Trinity Mirror is set to make 40 jobs redundant as part of a restructure that will see greater content-sharing across its regional titles and more emphasis on local digital output.
The newspaper publisher is cutting 92 posts from 800 editorial staff across its regional papers, excluding Scotland, but will be hiring for 52 new roles – although only 21 of those will be created in regional news.
Announcing a new publishing model “devised by a team of Trinity Mirror’s senior editors”, the company said the changes were necessary “as it moves towards an integrated approach to creating and sharing first-class content across the group”.
A new shared content unit will be established in Liverpool, producing non-local material for all of Trinity Mirror’s regional newspapers and digital channels to include health, travel, fashion, food, entertainment and reviews.
And in what can be said to be the first significant move towards a digital-first strategy, there will also be a “greater emphasis” on the production of digital content, including breaking news, pictures and video, and there will be a “much enhanced focus” on the curation of community content.
The company said it hopes to achieve any redundancies by voluntary means as well as redeploying staff, where possible, to newly-created roles under the new publishing operation.
The new editorial positions will include digital roles in some regional newsrooms to support what it called “the rapid expansion of Trinity Mirror’s digital ambitions”, which will include tablet editions for the Liverpool Echo and Manchester Evening News later this year.
New regional roles
The positions will include 12 community content curators, eight regional digital roles and three or four new journalist roles.
Neil Benson, Trinity’s editorial director, said: “Our newsrooms have made great progress in embracing the digital world in recent years but, essentially, our processes have remained print-led.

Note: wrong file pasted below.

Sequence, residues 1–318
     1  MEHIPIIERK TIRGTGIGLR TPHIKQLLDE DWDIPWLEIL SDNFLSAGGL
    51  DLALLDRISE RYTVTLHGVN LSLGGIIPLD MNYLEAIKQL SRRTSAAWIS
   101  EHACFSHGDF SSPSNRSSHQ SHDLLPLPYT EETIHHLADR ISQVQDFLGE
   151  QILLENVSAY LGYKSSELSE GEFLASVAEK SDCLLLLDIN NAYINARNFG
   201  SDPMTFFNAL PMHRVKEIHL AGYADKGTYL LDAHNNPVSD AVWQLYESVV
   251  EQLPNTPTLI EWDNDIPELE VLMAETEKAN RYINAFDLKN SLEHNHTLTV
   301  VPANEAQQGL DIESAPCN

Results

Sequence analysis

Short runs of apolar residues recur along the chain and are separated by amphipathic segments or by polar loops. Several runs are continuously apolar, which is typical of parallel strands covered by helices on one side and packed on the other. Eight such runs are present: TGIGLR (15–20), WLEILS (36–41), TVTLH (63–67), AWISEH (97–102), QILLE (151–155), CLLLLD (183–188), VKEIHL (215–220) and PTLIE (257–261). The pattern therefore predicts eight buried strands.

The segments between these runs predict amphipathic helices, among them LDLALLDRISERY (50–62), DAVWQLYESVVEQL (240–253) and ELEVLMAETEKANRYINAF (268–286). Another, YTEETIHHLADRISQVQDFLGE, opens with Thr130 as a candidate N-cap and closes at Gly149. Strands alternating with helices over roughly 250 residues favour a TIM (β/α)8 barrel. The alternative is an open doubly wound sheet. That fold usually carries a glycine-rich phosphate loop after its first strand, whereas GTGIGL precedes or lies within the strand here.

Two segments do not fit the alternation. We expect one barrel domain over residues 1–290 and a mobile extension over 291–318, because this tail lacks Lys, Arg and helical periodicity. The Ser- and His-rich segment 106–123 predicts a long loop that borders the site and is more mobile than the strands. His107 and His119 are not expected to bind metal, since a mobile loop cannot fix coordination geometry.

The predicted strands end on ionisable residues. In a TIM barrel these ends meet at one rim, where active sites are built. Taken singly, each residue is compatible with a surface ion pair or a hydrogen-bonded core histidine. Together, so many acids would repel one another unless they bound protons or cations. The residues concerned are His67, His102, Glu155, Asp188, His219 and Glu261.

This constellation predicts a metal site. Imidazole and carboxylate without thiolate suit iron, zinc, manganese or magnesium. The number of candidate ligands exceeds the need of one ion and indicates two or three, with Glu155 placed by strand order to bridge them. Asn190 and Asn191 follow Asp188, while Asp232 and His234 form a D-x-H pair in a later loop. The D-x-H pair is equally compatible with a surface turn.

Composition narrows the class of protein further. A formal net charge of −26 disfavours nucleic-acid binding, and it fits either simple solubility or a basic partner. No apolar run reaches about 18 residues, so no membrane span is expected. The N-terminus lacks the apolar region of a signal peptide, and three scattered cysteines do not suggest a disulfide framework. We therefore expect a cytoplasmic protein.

“This new approach is a bold, imaginative step that will enable us to become a fully-fledged, digitally-focused news operation, and brings together for the first time the best of our regional and national journalism.
“It is never easy to make these decisions when it affects our colleagues in this way but we must re-engineer the way we work if our journalism is to thrive in the future.”
Consultation will affected staff had already begun, Trinity said.
Lloyd Embley, editor-in-chief of the Daily Mirror, Sunday Mirror and the People, added: “The new roles will significantly enhance our output while creating a closer working relationship with our regional colleagues.
“This is a huge step forward for the Mirror and the One Trinity Mirror initiative as we take a more unified approach in creating and sharing first-class content across the group.”
Trinity added that the new approach will be underpinned by investment in technology, including the ContentWatch editorial system and the Escenic web publishing CMS, which are being rolled out across Trinity Mirror’s newsrooms.
As well as the Echo and Evening News, Trinity’s portfolio of regional newspapers in the North includes the Liverpool Post, Daily Post Wales, Huddersfield Daily Examiner and many weekly titles.